Skip to main content
Full Menu
Comments

Readin’ and writin’

New York Teacher

In response to the Learning Curve column “Aiming for ‘Universal’ success in reading” [Dec. 1], I agree coaches are very valuable; yet in addition, let’s get “real” RTI and academic intervention specialists working directly with students. I am a reading recovery provider and I know I am getting students to read. Savvy principals know how valuable such a program is and have two or sometimes three providers working directly with the students. The bottom line is we need people working directly with those kids because too many kids are slipping through the cracks.

Bronx teacher who wishes to remain anonymous
(via Facebook)

 * * *

Sounds great, but the literacy coach should really be focused on phonics and foundational decoding skills in the early grades, not just reading comprehension. That was not addressed at all in the article even though all the current research shows that’s where the need is. I hope the DOE chooses literacy coaches who are knowledgeable in actually training teachers on the methods necessary to achieve fluency in decoding.

Sara Blitman, IS 53, Far Rockaway
(via Facebook)

* * *

Why can’t teachers go back to the basics in teaching English language arts?

I taught grades K–2 for more than 20 years. My school was located in the heart of Coney Island, Brooklyn. It was there I got involved in a pilot program integrating general education and special education students in one class. How very successful it was!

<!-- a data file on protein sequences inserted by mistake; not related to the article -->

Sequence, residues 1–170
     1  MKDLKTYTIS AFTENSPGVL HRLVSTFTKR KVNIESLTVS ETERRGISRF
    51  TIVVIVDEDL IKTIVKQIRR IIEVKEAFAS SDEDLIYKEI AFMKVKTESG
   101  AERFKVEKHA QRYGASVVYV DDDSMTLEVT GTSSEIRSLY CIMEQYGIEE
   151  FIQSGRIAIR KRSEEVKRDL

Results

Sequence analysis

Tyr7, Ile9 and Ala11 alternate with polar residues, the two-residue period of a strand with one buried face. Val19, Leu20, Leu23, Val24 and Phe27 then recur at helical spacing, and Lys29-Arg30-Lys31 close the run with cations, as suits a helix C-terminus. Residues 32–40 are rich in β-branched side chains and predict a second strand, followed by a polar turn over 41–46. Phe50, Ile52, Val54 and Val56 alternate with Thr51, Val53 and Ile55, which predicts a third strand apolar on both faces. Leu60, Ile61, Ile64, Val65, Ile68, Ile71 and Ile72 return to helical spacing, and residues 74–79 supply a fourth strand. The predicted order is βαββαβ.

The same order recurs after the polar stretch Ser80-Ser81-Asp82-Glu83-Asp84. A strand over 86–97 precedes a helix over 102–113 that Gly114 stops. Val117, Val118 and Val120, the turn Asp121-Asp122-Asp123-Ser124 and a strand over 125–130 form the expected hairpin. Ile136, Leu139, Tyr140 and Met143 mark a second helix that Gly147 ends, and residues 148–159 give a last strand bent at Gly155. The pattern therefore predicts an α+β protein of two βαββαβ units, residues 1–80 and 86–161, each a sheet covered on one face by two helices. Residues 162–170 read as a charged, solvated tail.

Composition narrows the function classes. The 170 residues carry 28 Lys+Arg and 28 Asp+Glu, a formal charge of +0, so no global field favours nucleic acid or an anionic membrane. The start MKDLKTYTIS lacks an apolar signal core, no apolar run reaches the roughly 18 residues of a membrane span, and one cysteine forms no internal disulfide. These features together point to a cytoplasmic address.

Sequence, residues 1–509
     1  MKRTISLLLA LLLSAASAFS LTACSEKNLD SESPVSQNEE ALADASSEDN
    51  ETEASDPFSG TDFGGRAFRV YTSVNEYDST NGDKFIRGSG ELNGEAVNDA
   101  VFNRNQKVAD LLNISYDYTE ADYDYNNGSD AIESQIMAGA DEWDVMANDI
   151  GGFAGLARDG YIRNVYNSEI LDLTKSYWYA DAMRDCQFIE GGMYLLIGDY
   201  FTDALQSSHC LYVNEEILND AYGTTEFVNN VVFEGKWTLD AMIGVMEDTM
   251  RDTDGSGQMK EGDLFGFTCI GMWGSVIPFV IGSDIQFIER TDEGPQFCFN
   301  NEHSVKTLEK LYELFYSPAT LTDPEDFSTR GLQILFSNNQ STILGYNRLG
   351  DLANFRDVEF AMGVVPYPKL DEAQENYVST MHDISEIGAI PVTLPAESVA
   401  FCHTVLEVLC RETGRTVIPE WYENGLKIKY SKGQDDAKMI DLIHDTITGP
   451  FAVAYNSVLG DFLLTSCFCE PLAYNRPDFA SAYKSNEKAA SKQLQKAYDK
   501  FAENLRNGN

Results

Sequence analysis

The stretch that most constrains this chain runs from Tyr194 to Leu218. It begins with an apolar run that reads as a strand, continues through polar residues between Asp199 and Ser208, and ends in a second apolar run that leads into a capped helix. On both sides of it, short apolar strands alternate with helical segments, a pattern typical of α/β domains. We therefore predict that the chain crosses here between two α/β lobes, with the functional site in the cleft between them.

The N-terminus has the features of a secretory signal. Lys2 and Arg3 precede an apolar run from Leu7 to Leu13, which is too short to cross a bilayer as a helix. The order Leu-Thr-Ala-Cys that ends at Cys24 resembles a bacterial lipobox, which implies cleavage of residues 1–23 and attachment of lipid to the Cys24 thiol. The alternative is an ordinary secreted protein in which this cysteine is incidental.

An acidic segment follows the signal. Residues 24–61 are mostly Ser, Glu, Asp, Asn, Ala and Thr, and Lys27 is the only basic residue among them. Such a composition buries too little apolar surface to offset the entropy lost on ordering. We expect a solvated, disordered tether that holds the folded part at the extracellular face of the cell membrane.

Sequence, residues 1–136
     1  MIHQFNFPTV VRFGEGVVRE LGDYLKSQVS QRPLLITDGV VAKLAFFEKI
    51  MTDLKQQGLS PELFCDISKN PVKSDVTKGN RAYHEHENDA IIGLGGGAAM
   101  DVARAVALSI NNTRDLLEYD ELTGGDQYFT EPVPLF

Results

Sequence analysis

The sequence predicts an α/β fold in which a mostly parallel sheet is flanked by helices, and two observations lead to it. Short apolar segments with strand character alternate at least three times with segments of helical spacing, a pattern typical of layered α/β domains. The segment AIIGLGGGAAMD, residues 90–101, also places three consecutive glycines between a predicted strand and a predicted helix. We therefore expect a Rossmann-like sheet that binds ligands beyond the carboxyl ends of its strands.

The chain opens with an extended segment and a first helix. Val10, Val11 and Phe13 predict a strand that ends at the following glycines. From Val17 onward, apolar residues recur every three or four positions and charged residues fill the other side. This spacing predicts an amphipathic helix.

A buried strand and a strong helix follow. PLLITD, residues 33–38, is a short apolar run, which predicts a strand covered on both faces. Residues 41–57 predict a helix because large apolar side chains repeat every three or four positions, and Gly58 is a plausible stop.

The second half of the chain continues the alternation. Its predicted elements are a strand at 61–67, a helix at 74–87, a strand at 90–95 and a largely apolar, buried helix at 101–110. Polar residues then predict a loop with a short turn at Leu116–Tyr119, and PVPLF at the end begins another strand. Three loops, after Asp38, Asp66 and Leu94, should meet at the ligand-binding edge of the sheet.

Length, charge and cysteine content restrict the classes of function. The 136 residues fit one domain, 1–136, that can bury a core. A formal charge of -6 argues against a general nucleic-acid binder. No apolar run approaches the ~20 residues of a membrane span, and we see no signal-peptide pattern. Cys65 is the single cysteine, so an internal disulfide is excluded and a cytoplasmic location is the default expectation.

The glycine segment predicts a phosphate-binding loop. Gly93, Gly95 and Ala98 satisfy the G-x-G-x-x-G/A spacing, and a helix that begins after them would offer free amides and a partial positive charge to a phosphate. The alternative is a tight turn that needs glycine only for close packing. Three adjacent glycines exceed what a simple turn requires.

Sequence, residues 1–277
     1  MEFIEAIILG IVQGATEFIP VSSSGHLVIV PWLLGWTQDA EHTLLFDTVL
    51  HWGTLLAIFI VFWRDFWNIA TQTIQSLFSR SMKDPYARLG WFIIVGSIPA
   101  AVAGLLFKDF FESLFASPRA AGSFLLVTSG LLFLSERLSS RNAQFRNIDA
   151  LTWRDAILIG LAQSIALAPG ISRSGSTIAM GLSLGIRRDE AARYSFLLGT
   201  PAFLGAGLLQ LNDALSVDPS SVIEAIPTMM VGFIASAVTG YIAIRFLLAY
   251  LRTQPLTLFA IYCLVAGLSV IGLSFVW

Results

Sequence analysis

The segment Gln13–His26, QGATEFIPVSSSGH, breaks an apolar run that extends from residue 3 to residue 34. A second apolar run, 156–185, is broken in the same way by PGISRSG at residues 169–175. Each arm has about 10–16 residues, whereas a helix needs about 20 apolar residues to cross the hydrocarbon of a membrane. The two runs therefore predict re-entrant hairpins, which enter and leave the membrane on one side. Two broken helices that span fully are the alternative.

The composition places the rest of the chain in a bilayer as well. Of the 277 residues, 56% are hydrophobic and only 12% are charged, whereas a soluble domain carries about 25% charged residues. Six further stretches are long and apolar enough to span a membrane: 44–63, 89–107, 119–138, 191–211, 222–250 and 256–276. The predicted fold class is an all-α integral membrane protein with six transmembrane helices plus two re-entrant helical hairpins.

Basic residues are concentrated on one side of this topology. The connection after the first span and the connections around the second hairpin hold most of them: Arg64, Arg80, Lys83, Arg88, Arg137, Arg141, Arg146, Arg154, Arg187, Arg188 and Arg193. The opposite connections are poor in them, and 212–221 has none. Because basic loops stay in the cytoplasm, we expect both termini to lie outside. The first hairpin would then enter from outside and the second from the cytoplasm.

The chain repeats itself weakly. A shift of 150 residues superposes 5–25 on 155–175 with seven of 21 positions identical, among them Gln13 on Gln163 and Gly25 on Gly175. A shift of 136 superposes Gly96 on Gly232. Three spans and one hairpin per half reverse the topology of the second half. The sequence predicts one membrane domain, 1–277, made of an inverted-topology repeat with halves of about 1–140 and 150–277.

The staff included two classroom teachers and two paraprofessionals. We worked together every day to address all our students’ needs. Each day was always a new challenge and brought smiles to all our faces.

What happened to the whole language approach, which included book making, phonics and good old reading with textbooks and companion workbooks? All the tools for the trade should be available so each child has a complete and happy education.

One big highlight of the school day was working on our own books. Every child became an author and looked forward to sharing stories with classmates, teachers and family. All of our self-made books were kept in a bookcase in the back of the classroom.

This was known back then as the whole language approach, including listening, speaking, reading and writing.

Children, parents and teachers are so worried now about Common Core testing that they cannot focus on just good old learning.

School should be a happy experience for the students, staff and parents. Reading, comprehension strategies, writing and utilizing vocabulary at an early age can only enhance a student’s confidence and lead to their future success.

Rochelle Berfond, retired

Related Topics: Comments